As Holocaust Memorial Day approaches, I am reminded of how Nazis meticulously gathered and documented all possessions belonging to Jews. Among the items collected from arrivals at concentration camps were large piles of buttons, often cut from clothes that had endured harsh conditions in ghettos or during transportation in cattle trains.
It’s interesting to note that the collection methods share similarities with the satisfaction experienced by all collectors in organizing and arranging their finds. While the systematic logging of belongings by concentration camp officials may evoke horror, it also underscores a universal human inclination for order amidst chaos, uncomfortably connecting us all to such tragic historical events.
Allegations Of Human Skin And Bone Utilization In Concentration Camps
Though the evidence remains inconclusive, there was a widespread belief that some camp commanders utilized human skin to produce ‘leather’ goods as a primal display of power over their captives. Similarly, there were fears that human bones were crafted into buttons.
In Benigni’s film “La Vita è Bella,” the father reassures his son that their internment camp is simply a peculiar but whimsical game, dismissing rumors of being turned into “buttons and soap” as absurd jests. The act of collecting buttons for-profit and utilizing captives’ bodies for utilitarian goods effectively demoralizes the enemy, dehumanizing them and treating them as mere commodities akin to animals.
Ironically, in the Lodz ghetto in Poland, where factories were established to produce textile goods for the Wehrmacht (initially 70, later as many as 119 factories), the bulk of buttons for the Reich’s uniforms were produced.
In these factories, skilled Jewish button makers might have later contributed their own clothing buttons when they were deported to the death camps of Chelmno and Auschwitz. It’s conceivable that their bones might also have been utilized at some point.
The Significance Of Buttons In Nazi Atrocities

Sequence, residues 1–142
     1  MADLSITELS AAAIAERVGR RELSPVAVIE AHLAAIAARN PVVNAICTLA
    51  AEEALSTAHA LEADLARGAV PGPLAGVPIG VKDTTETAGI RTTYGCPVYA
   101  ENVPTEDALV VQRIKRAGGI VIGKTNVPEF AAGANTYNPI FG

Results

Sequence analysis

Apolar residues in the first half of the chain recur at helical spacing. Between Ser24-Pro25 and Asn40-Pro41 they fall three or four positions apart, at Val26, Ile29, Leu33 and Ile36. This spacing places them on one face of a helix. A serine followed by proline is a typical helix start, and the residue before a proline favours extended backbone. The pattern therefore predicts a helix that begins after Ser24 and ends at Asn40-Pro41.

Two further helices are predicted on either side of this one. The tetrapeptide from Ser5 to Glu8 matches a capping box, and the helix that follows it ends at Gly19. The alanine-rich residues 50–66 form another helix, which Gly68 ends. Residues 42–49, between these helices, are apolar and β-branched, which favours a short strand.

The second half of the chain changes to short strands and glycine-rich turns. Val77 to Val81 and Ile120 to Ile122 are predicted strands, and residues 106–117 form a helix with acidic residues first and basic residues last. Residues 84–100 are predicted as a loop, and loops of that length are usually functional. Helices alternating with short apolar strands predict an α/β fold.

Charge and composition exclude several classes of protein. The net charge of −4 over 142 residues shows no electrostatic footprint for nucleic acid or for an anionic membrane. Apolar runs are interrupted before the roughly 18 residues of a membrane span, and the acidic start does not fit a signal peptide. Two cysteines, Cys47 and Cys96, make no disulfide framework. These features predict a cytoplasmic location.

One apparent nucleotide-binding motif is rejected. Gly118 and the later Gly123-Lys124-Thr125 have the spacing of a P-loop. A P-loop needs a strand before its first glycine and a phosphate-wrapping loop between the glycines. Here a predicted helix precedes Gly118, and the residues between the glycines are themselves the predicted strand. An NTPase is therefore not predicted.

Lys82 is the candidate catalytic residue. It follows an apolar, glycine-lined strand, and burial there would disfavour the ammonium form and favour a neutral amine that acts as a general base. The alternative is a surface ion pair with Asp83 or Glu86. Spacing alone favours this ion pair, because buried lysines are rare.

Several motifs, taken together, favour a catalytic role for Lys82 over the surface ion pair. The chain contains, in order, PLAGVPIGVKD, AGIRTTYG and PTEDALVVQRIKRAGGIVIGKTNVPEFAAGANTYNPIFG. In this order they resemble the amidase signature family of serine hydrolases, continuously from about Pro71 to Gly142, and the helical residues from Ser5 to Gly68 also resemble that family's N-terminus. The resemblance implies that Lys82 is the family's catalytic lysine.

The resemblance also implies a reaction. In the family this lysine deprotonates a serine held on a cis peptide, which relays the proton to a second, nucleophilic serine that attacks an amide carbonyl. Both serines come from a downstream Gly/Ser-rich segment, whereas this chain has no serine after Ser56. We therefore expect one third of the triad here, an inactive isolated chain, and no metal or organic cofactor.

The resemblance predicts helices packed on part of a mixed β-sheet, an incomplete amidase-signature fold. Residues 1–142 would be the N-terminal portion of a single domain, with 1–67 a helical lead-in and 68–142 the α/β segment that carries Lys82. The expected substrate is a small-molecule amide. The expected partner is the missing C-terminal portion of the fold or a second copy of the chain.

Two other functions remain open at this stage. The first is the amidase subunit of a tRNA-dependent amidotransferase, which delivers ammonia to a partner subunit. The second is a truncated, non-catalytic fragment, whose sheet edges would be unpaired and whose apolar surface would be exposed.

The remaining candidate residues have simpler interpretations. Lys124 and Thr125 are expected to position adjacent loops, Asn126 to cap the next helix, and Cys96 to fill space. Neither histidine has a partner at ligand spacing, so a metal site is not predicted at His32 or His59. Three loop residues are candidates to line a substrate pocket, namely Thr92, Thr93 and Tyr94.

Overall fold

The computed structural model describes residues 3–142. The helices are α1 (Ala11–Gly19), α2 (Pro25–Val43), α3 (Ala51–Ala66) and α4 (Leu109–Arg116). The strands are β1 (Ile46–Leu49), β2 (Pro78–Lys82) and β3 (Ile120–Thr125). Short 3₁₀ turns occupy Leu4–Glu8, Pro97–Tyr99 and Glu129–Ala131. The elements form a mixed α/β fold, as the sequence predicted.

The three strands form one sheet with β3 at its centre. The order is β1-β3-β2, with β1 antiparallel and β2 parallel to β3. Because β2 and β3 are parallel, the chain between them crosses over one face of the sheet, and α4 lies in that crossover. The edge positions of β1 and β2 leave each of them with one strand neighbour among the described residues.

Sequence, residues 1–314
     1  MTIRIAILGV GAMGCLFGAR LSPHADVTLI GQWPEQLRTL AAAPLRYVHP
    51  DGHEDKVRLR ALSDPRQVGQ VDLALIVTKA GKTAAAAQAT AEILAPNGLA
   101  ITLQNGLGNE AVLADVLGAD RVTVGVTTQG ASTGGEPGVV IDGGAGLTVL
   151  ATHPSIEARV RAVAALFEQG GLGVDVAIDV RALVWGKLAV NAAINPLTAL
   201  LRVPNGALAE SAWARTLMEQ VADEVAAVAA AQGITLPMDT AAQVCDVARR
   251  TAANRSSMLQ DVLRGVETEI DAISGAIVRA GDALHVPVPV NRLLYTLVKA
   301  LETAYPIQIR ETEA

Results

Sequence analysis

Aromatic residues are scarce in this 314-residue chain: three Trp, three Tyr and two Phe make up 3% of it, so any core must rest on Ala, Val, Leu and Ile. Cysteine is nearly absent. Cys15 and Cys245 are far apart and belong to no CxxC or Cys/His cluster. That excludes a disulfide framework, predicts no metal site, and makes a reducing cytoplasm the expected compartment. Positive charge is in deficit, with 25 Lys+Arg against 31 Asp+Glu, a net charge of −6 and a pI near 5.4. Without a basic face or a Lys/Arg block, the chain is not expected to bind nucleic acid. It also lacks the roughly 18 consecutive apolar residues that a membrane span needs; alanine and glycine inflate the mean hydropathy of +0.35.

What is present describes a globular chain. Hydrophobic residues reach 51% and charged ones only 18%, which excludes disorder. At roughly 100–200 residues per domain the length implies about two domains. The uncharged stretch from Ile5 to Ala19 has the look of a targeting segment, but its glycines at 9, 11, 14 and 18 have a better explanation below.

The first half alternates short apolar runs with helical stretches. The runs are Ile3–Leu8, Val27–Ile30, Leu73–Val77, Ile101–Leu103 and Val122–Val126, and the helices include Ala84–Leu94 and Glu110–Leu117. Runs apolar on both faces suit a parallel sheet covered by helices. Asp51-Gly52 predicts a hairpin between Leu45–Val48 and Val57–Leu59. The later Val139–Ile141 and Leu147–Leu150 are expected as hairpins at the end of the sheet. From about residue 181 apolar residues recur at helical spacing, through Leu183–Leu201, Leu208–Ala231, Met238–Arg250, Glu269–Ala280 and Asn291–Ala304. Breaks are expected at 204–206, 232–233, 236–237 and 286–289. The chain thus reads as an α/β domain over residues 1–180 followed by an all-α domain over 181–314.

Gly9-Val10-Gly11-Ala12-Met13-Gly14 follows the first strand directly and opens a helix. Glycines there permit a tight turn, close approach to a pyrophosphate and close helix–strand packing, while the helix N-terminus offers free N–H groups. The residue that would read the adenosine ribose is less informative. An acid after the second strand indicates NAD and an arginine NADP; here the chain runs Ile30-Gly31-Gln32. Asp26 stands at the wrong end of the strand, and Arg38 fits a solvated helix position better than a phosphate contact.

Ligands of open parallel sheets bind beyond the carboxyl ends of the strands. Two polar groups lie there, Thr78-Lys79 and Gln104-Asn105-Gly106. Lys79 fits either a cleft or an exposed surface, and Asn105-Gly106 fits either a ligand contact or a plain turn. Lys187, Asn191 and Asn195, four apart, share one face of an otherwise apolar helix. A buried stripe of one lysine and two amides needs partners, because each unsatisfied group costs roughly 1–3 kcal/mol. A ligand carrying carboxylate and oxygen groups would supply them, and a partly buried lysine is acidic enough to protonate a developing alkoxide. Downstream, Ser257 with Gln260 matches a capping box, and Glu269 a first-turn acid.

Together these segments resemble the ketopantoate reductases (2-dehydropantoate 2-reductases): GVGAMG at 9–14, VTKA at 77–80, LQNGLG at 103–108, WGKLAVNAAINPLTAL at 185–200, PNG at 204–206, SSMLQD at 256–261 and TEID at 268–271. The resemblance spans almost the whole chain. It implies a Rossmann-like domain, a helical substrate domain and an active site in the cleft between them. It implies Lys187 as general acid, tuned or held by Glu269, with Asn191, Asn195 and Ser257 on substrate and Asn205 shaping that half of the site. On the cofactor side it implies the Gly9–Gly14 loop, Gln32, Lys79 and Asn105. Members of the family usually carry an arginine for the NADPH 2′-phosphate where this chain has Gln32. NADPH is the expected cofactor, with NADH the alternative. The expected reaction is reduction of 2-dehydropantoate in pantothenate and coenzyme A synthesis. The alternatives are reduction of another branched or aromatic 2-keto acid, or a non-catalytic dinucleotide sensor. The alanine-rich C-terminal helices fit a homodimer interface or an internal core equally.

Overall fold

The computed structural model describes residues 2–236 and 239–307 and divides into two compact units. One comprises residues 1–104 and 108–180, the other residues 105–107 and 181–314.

While buttons may appear insignificant in the broader context of the Nazi regime, it is often in small practical matters that the true nature of a regime is revealed. Furthermore, adopting the button as a symbol to represent the number of individuals killed underscores its significance.
Perhaps it is precisely the ordinariness of the button—a simple object that can be easily obtained and discarded—that makes it a fitting symbol due to its ubiquitous availability.
The Jewish Federation of Peoria in Illinois erected a Holocaust Memorial in 2001, featuring 18 glass towers arranged in the shape of the Star of David, symbolizing the Hebrew word “chai,” meaning ‘life.’ These towers, arranged in two rows, were intended to evoke the camp selection process, determining who would live and who would die.
Additionally, five triangular shapes represented non-Jewish victims, such as Romas, homosexuals, and the handicapped. Over 11 million buttons were scattered from these vessels, symbolizing all Jewish and non-Jewish victims, or ‘enemies of the State,’ killed by the Nazis during the Holocaust.
The choice of buttons as a symbol was significant, suggesting both a sense of unity and fragility inherent in family and community. Small and tactile buttons could be easily collected, with each representing a unique individual involved in the tragedy.
Projects Inspired By Peoria’s Holocaust Memorial
Peoria has inspired other similar initiatives, such as the 2011 memorial in Kirklees, where a permanent outdoor installation comprising 6 million buttons was established. Additionally, in the small Moriah school in Wellington, New Zealand, a project is ongoing to gather 1.5 million buttons, each representing a child who perished in the Holocaust.
The profound impact of these memorials is grounded in our shared recognition of buttons as poignant relics of the past. It’s difficult to discard an old button tin, as each seemingly ordinary button likely played a role in the lives of individuals in our own families.
Sabina Miller, a resident of London who was born in Warsaw in 1923 and interned in the ghetto with her family, holds dear a woolen waistcoat gifted by her mother, possibly on her birthday in June 1939, before her harrowing escape and perilous survival throughout the war.
Despite the garment’s worn condition, the simple row of buttons down the front has endured. Sabina intends to pass it on to her daughter and granddaughters as a memorial. Her message to us resonates deeply.
‘I want…you to learn what harm war can cause. To ask why we can’t live in peace – this is very important to me. I would like to ask you to think about what happened and try to live lives so that war could not happen anymore.’
Nina Edwards authored “On the Button,” a creative examination of the cultural significance of buttons, encompassing their various forms, functions, and roles in the visual arts.